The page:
SHE CREATED a clear connection between her individual and collective national identity.
Esther explained to the king: “if you love me you also have to love my people.” She then revealed her origin and collective identity that was unknown to the king because, until then, Esther had not divulged her race or ancestry, for Mordechai had instructed her not to tell anyone (Ibid, 2:10). When the king asked her: “Who is this, and which one is he, that has the audacity to do such a thing?” (Ibid, 7:5) – and here comes the surprising response when she says – “A man who is a persecutor and an enemy: this evil Haman!” (Ibid, 7:6). The hacker finally gave a frontal blow, and this came as such a surprise that her opponent was unable to defend himself.
Haman, who arrived for a friendly drinking evening full of fun, received an artillery attack that he could not escape. When the Persian king went out to ponder on Haman’s plea, he fell on her. The Midrash claims that an angel of heaven dropped him on her, creating a planned sexual display that provoked the jealous king who said to Haman: “Does he even intend to have his way with the queen while I am in the palace?” (Ibid 8:7).
The king commanded that Haman be hanged, but Esther realized that the task was still not complete. The death of Haman still did not violate the decree of extermination of the Jewish people because it was written and sealed in the king’s ring and what is sealed could not be changed.
Once the first obstacle had been removed, the removal of the written decree of evil had to be planned. Esther realized that the previous trickery would not so she created a heartbreaking dramatic scene. She fell to the king’s feet, crying and begging him to erase Haman’s decision. First, the king handed her the golden baton, the phallic symbol, and she realized that her feminine ruse was working, that the king liked her, which was a good foundation and a safe ground to continue striving to accomplish the task while building the personal argument and interweaving it with the collective argument.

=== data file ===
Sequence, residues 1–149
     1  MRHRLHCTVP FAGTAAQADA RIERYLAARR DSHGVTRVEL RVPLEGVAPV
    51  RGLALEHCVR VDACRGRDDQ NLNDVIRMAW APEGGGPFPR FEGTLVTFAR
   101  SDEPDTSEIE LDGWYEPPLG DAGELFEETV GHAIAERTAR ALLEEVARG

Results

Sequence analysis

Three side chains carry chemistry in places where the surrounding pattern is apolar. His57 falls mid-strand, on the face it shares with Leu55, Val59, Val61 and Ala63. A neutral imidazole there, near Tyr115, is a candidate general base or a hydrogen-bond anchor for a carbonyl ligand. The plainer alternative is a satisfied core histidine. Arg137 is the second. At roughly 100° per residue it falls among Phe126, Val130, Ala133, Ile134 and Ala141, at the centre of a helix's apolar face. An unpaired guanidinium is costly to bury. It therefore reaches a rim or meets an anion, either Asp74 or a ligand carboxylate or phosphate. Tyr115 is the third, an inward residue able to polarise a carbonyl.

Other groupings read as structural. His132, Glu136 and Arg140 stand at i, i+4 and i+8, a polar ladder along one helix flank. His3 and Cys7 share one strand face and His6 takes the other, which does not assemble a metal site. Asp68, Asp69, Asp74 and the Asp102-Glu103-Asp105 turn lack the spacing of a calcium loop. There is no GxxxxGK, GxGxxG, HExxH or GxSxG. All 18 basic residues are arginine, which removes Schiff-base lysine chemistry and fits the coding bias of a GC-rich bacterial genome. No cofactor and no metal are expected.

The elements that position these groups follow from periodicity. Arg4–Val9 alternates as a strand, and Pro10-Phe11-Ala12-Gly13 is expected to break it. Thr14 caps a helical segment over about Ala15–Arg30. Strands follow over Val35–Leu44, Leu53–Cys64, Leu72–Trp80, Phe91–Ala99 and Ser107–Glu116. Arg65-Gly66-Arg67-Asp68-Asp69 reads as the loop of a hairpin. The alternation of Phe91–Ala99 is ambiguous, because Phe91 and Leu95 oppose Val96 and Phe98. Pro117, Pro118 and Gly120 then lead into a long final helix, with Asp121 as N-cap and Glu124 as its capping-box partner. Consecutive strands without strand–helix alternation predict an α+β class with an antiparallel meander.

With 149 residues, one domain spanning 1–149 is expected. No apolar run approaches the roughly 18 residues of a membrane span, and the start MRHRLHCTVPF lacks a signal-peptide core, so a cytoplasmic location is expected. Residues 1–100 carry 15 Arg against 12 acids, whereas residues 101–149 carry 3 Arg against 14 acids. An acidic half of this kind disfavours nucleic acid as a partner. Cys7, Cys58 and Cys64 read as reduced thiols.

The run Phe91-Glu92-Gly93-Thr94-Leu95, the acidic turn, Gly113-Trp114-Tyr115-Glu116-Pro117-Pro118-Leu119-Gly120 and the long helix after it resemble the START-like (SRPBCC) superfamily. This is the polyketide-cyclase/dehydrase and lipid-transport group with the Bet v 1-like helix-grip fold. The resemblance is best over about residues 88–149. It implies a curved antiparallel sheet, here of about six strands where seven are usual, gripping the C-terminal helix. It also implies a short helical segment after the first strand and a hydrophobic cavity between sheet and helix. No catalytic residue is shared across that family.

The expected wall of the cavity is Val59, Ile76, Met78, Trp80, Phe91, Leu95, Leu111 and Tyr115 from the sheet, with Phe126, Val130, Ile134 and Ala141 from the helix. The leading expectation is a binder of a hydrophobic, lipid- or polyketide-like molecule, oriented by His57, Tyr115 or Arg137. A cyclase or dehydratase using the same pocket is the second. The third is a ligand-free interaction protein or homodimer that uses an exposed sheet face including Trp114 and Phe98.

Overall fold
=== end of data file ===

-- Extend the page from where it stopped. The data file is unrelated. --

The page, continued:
Her personal weapon – her charm – would be utilized and enlisted to the maximum to meet the needs of the national collective she wanted to save. Esther wanted to make sure that she was indeed on safe ground, and gave Ahasuerus a fidelity check when she returned and said, “If it pleases the king, and if I have found favor before him, and the idea is proper to the king, and I am pleasing in his eyes” (Ibid:8:5).
Why should she repeat the phrase: “I am pleasing in his eyes?” Because when she came to request the elimination of the decree, she wanted to make sure he loved her and she was pleasing in his eyes, conveying the message that if I am good to you then you must also care for my people because, “How can I see the loss of my people?” Esther turned her appeal to his kindness and asked him for a personal gesture stemming from the love he had for her. Having previously based his sense of commitment towards her people on the love he had for her by ordering Haman’s execution, she demanded from him again the same attitude called love.
This is where the transformation took place. Esther “exploits” the king’s weakness and love for her to be drafted into the mission to undo the final solution. Throughout the whole episode, Esther made him feel that he was the head, but she really was the neck and managed to turn the head according to her national needs and interests and so navigated the plot. Thus, feminist Esther, the hacker, cracked the Ahasuerus activation code and rescued her people while using her femininity, wisdom and agency.
The writer holds the UNESCO Chair in Education for Human Values, Tolerance and Peace and heads The Sal Van Gelder Center for Holocaust Research & Instruction at Bar-Ilan University’s Churgin School of Education. This article was originally published in the International Council of Jewish Women newsletter.